BoldFace

Seminar: Intermediate copy editing workshop

This seminar is a hands-on workshop in which you’ll edit actual short manuscripts; the instructor will review the edits in detail with the group, discussing the reasoning behind various edits, alternative choices, and techniques. Throughout the course of the day, you’ll work on several different types of documents, practise using key resources such as dictionaries and style guides, create and follow style sheets, write queries to the author, and discuss the merits of specific editing choices with fellow attendees and the instructor. The session will also include a review of key copy editing guidelines, advice on finding information as you edit, and plenty of pro tips.

You are encouraged to bring
• a laptop computer with word-processing software (paper copies of manuscripts will also be provided) and
• a copy of the second edition of the Canadian Oxford Dictionary, if you have one.

Note: This session is not for beginners. Attendees should be graduates of a copy editing course or have equivalent skills and experience (such as editing under the supervision of a senior copy editor for six months or more). Further, attendees should know how to create style sheets and write author queries. (more…)

Editor for Life: Sara Scharf, freelance editor

Interview conducted by Jennifer D. Foster

A career as an editor is often a solo adventure, especially if you’re a freelancer. So we thought one way to better connect with fellow editors was to ask them the W5: who, what, where, when, and why. Read on for some thought-provoking, enlightening tidbits from those of us who choose to work with words to earn our keep.

Sara Scharf

Sara, please tell us a little about yourself, the kind of work you do, and how long you’ve been an editor.

I’ve been editing for pay for more than 20 years. My specialty is academic editing, especially for clients in the sciences, engineering, and medicine. I have many interests and have switched fields repeatedly, completing a PhD in the history and philosophy of science and technology, working as a medical market analyst, and then, as a postdoctoral fellow in engineering, studying how to increase innovation in extremely multicultural environments. I thrive on variety and intellectual engagement, which is probably why substantive editing, stylistic editing, and fact-checking are my favourite editing tasks. Of course, I copy edit, too, but I nearly lost my mind earlier this week putting more than 700 references into APA format on a tight schedule.

Journal articles, grant applications, promotion packages, and PhD dissertations are my bread and butter. While I help my clients further their careers, they give me the opportunity to learn about cutting-edge research in a wide range of disciplines, from paleontology to polymer chemistry to sociology to electrical engineering. Since many of my clients are not native speakers of English, I often learn about their languages and cultures, too. They also inspire me to learn more about my own language and culture when I explain the origins of English idioms and the subtle differences among expressions. I love how some of the questions they ask really make me think. For instance, one client asked me to explain how possible, probable, potential, and putative are different from each other.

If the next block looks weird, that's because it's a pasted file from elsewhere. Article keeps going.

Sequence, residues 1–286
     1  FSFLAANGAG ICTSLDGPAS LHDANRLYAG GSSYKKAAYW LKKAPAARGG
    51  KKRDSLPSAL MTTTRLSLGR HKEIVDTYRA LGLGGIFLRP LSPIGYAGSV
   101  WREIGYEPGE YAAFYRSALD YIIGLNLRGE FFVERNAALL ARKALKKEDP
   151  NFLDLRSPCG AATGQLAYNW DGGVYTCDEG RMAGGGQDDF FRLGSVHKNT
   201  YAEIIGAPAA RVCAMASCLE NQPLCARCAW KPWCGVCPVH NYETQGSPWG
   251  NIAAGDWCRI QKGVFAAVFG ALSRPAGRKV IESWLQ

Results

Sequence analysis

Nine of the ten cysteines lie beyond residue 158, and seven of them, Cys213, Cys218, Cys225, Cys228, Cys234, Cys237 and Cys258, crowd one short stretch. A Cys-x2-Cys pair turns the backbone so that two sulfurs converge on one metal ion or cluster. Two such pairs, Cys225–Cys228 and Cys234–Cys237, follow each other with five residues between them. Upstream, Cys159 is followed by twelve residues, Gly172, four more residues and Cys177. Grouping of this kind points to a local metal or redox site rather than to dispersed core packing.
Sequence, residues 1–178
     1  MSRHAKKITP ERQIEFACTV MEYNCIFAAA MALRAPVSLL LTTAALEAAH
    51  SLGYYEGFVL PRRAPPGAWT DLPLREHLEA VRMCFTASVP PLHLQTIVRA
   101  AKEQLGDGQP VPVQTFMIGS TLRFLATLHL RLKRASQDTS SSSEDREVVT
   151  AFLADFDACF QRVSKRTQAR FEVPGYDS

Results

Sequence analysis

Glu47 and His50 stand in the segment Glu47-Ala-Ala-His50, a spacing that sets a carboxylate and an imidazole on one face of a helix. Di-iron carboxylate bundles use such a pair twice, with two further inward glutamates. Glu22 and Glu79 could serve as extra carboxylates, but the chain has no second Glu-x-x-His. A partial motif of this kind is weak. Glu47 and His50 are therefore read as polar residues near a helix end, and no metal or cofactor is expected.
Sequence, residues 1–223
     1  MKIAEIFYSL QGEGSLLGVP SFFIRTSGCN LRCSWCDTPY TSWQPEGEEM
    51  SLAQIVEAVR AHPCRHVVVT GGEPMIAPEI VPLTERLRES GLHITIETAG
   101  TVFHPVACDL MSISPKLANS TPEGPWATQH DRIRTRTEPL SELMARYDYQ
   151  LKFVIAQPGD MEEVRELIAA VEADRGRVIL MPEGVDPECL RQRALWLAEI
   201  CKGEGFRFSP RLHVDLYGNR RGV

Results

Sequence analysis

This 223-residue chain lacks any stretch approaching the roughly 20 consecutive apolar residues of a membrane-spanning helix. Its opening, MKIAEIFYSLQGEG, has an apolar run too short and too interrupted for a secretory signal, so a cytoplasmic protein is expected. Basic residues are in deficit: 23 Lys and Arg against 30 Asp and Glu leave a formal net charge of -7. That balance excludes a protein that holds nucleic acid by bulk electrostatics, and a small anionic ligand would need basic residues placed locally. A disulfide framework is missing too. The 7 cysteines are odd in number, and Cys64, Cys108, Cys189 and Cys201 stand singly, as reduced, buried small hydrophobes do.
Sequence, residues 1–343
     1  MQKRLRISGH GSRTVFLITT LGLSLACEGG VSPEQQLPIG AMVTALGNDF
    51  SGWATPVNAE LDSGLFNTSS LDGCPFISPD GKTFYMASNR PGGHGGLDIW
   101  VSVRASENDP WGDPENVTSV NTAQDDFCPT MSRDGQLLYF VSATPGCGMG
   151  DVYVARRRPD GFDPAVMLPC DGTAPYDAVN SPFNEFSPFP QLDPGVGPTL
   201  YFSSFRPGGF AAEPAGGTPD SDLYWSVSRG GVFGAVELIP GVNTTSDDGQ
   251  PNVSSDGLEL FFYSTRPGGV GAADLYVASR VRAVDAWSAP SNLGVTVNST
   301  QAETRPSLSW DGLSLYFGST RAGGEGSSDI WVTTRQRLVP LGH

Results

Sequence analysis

Helping people from a variety of backgrounds express themselves clearly and appropriately in contexts requiring vastly different tones draws on my creativity and is very rewarding. (more…)

Webinar: Techniques de révision après traduction

This webinar will focus on the specificities of editing translated material. The key learning objectives of this webinar are English to French consistency, and
key areas of focus in the editing of translated material (e.g., punctuation, syntax, anglicisms, etc.).

Date: Wednesday, May 3
Time: 12 p.m., EDT / 9 a.m., PDT
Length: 1.5 hours
Language: French
Member price: $56.25
Non-Member price: $75
Register HERE

Aude Gwendoline holds a PhD in Translation Studies. She has over 13 years of experience as a French translator/editor. So far, she has translated close to 80 novels for Parisian publishers.

Webinar: A linguist’s guide to grammar

What you learned in English class will help you with syntax about as much as what you learned in driving lessons will help you with mechanics—you get by fine until one day you find yourself stopped in the middle of a sentence with smoke coming out from under the hood. In this webinar, we’re going to learn how to take apart sentences the way a mechanic takes apart an engine.

The key learning objectives of this webinar are to

  • diagram sentences the way linguists do—accurately and elegantly,
  • learn about the building blocks of syntax,
  • clear up some common misunderstandings about verbs, nouns, and pronouns, and
  • dismantle and fix some of the most common mistakes people make when trying to apply “proper grammar.”

Date: Thursday, April 27
Time: 2 p.m., EDT / 11 a.m., PDT
Length: 1.5 hours
Language: English
Member price: $56.25
Non-Member price: $75

Register HERE

james_harbeck
James Harbeck is a linguist, editor, and well-known writer and speaker on language. His articles appear regularly on websites such as TheWeek.com and BBC.com as well as on his own blog, Sesquiotica.

Book Review: Hustle by Neil Patel, Patrick Vlaskovits, and Jonas Koffler